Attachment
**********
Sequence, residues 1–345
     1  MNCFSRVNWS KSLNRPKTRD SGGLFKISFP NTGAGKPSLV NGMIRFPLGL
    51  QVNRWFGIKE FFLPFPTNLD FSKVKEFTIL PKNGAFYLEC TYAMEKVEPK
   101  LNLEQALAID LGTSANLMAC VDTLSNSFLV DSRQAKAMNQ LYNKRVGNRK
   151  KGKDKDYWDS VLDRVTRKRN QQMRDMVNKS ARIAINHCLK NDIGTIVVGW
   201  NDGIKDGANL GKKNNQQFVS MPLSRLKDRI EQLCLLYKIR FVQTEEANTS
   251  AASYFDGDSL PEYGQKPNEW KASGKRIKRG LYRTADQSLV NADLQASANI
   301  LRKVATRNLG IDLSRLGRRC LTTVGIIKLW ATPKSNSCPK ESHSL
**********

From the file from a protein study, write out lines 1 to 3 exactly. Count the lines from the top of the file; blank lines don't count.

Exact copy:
Sequence, residues 1–345
     1  MNCFSRVNWS KSLNRPKTRD SGGLFKISFP NTGAGKPSLV NGMIRFPLGL
    51  QVNRWFGIKE FFLPFPTNLD FSKVKEFTIL PKNGAFYLEC TYAMEKVEPK